spite of the name, Deacons, the black self-defense group did
not engage in any theological debates over whether the use
of lethal force in self defense is biblical. (It is
biblical: see my What Does the Bible Say About Gun Control?
found at http://www.gunowners.org/fs9902.htm.)
The Deacons first emerged as a visible
self-defense force in Jonesboro, LA. From the very beginning
the Deacons represented a new force in the civil rights
movement -- leadership had passed from white northern
liberals (and blacks who bought into that liberalism) to
southern working class blacks who lived in the very
communities where the Deacons were active.
The spring and summer of 1964 was a time
of growing anti-segregation demonstrations in Jonesboro. The
Klan responded at one point with a menacing parade through
the black section of town – led by the chief of police.
The Deacons informed the chief that if that happened again,
"there would be some killing going on." The Klan
never did that again.
Cross burning ended suddenly the night
that a cross was set on fire in front of a clergyman's
house. Shots rang out aimed at the Klan as the torch touched
the cross. The Klan departed and never repeated that trick.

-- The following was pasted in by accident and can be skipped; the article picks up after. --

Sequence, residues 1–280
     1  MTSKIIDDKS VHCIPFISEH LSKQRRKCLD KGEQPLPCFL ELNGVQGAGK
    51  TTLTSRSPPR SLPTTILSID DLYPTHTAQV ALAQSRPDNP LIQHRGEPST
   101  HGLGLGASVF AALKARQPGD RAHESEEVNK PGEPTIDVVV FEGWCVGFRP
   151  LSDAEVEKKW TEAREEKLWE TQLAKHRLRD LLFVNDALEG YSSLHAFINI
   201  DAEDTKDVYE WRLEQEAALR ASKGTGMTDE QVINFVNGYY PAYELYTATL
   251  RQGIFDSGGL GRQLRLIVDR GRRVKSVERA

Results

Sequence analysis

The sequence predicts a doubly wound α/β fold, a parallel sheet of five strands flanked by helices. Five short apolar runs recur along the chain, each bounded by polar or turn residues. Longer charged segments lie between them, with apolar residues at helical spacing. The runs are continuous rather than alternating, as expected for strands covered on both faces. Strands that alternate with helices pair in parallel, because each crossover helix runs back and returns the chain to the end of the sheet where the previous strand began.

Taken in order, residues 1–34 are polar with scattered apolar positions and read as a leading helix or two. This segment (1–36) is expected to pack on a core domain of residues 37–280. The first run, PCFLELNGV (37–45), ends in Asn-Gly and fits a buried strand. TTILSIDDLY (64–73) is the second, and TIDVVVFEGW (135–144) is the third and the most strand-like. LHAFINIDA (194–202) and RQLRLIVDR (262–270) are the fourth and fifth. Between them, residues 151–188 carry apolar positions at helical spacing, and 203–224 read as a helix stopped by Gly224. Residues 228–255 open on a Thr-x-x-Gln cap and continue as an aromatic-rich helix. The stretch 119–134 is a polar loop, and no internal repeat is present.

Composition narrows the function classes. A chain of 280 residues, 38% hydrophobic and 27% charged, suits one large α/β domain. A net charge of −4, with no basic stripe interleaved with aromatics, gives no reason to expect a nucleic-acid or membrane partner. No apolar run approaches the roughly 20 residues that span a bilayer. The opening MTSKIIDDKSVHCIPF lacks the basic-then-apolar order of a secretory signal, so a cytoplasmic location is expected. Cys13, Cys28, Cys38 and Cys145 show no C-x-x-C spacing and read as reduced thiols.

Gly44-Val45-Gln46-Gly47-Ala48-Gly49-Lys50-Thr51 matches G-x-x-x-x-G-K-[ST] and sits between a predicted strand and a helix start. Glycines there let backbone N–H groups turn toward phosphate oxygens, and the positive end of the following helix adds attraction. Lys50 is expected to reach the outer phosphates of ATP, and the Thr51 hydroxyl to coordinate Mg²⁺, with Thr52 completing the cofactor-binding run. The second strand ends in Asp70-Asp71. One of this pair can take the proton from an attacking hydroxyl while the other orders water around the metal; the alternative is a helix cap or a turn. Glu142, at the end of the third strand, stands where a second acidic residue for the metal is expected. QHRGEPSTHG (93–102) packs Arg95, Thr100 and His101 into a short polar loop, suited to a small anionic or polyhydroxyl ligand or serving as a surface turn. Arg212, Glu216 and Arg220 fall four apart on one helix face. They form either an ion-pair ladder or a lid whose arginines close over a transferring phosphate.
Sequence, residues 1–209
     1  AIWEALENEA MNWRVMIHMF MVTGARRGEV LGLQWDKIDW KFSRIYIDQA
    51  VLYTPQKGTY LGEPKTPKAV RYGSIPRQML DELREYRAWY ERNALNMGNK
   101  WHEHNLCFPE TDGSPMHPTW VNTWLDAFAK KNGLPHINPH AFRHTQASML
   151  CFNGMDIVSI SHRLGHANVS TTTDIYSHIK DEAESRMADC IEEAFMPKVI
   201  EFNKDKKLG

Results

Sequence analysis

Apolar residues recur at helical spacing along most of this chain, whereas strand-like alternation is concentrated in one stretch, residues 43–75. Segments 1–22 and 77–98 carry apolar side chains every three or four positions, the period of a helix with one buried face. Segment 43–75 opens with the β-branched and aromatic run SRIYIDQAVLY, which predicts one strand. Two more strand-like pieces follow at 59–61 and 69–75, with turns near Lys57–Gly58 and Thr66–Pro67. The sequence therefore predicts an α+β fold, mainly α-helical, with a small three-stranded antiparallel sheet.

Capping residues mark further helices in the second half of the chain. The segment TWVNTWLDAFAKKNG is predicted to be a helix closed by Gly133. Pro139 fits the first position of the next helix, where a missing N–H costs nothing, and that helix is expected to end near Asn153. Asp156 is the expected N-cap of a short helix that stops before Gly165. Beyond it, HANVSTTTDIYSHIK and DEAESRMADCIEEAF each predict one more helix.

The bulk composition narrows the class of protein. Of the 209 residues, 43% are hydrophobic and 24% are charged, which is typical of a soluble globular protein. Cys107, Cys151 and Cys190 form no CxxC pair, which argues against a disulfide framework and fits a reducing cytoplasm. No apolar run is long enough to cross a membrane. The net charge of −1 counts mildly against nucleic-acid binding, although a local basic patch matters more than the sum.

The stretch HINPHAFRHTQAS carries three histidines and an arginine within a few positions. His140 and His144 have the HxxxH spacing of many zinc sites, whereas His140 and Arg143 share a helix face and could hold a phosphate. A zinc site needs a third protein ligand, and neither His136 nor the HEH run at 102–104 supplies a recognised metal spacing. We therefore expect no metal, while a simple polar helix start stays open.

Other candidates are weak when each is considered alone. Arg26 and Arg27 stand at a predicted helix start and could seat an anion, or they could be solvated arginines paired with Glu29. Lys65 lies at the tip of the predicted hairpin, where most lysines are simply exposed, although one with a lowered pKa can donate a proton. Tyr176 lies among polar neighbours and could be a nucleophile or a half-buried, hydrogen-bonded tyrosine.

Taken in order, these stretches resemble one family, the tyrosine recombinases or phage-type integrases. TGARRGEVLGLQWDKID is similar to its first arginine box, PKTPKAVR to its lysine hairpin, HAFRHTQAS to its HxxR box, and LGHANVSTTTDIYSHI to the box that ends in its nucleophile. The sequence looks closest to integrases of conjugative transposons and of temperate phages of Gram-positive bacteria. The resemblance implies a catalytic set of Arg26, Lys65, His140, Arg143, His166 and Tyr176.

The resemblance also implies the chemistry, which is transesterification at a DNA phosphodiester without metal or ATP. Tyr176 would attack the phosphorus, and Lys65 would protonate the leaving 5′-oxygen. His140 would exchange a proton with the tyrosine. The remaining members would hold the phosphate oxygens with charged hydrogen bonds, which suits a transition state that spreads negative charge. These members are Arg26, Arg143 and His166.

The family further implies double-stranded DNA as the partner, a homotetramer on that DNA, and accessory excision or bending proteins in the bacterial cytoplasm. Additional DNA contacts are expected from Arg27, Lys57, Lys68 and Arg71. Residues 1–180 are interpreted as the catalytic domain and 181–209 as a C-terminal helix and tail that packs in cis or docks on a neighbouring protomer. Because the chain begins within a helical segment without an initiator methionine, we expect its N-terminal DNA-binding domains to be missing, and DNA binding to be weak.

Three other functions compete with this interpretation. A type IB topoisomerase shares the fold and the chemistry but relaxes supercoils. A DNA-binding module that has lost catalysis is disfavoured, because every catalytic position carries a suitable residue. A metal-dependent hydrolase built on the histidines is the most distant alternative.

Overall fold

Hill found that the Deacons did not take
just anybody into their ranks for this rather "high
octane" volunteer work. They screened the applicants to
make sure they were getting men who could handle the
pressure and not go off half cocked.
During a desegregation effort at the
Jonesboro High School, the authorities brought up fire
trucks and prepared to hose the black students attempting to
enter the school. The Deacons pulled up and four men
publicly loaded shotguns and then made it plain that the
lead was for the firemen if they turned the hoses on. The
firemen wisely beat a retreat.
This was a very significant event. This
was a self-defense effort in the spirit of the American War
for Independence. The government was attempting to exercise
illegitimate power (enforcing an unbiblical law which by